Somehow the apparent phenomena known as the Montréal-style bagel has heretofore completely passed me by. Wikipedia has kindly informed me that a large portion of Montréal’s Jewish community — from which the bagels originated — gradually left for other North American locations, including one Houston, Texas. I was born and raised in Houston, Texas and I can say with 100% certainty that I’ve never, ever seen a Montréal -style bagel shop in the city. Lucky for me, I moved from Houston, Texas to Toronto, Ontario two years ago, a city which I know with 100% certainty has actual Montréal-style bagel shops, being that we’re approximately 5.2 minutes1 from Québec.
I was in the lunchroom at work making my morning Maple & Brown Sugar oatmeal today when my colleague said “hey Carmen, we brought in Montréal-style bagels”. I smiled and thanked him, but though “ew”, mostly because I’m just not a bagel girl. I never have been. I’m really not a “bread” girl at all, unless it’s mixed with chocolate and sugar and called cake. 😉 However, always one to try new things, I thought “what they hey, I’ll try it”. Upon asking what “Montréal-style bagel” actually meant, I was told that it’s sweeter and more dense than a regular bagel. Hmm, sweet and dense? This might be something I could get used to. I bebopped my way in, picked up my bagel and schmear, and proceeded to drop said bagel and schmear face down on the floor on my way to my desk as I tried to poorly manage two coffee cups, said bowl of oatmeal, and the bagel. In honour of the “five second rule”, though, I snapped it up, stared at the seeds strewn across the floor, dusted it off, and went on my merry little way. For a brief moment, I considered not eating it at all. Then I considered eating just the bottom since it plopped down on its top. I finally concluded that I would likely not die from the pig flu, nor from any other overly-hyped disease, just from it sitting face down for three seconds. In I bit.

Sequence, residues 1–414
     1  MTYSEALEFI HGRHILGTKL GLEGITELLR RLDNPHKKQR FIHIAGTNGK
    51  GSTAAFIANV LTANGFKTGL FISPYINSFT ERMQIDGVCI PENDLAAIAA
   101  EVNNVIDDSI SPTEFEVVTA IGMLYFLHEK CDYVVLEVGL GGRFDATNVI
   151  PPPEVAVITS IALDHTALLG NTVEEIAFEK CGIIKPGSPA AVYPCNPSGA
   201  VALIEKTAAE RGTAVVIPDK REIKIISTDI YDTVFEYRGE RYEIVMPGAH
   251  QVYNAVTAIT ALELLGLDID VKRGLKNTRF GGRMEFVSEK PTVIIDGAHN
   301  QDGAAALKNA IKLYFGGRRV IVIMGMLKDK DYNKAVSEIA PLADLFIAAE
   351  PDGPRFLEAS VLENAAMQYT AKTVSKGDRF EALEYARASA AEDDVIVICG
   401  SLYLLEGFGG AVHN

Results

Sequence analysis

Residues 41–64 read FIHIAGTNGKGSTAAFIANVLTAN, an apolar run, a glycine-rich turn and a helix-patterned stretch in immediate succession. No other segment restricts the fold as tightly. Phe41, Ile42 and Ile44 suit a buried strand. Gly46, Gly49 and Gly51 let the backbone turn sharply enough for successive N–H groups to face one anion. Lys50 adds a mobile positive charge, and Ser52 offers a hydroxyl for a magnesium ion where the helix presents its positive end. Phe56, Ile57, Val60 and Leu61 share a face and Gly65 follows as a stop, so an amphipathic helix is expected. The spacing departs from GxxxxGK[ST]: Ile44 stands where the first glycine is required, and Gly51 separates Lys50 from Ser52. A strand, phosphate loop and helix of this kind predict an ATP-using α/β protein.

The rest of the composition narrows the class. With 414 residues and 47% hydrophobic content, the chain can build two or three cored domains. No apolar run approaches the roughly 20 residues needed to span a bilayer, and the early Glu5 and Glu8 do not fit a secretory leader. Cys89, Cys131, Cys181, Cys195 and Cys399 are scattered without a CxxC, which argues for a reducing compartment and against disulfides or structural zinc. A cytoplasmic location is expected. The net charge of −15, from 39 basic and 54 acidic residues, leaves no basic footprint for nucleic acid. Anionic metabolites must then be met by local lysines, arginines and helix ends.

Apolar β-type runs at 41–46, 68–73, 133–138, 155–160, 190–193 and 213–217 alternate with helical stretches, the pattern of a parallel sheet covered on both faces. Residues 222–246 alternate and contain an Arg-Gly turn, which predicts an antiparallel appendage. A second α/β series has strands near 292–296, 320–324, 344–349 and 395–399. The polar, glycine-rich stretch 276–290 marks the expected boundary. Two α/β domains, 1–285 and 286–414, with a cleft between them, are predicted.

Sweet and dense, indeed! The bread had a sweet scent on the nose, and was completely flavourful, while almost donut-like. It was flaky and not nearly as thick as the bagels I’ve had. Montréal-style bagels apparently don’t have egg or salt, unlike regular bready bagels; honey is added to the water prior to the bagels being boiled (or poached, to be more specific); and they are baked in wood-fired ovens, unlike regular bready bagels.
I only managed to eat about half of it, though, because I’d gotten to work slightly later than normal2 and didn’t want to spoil my lunch3. But the bottom line is that I *loved* it and may or may not have found a new favourite food. Had Montréal-style bagels been on Mount Sinai when Moses lost his temper, I have a feeling he could have calmed himself down with a little bagel and schmear, and those cursed broken tablets may just have been spared.
1Well, more like 5.2 hours.
2I’m not a morning person, which may be why I don’t like bagels. I’m never up early enough to finish them. As a matter of fact, my colleagues like to tease me by saying I work the “afternoon shift”. I really loathe getting up early. Really. And lately, the traffic has seriously sucked because apparently, the good citizens of Toronto can’t drive in the dark.
3Lunch that I usually eat around Noon, even though I’ve only been at work for 2.5 hours at that point. Why are you looking at me like that?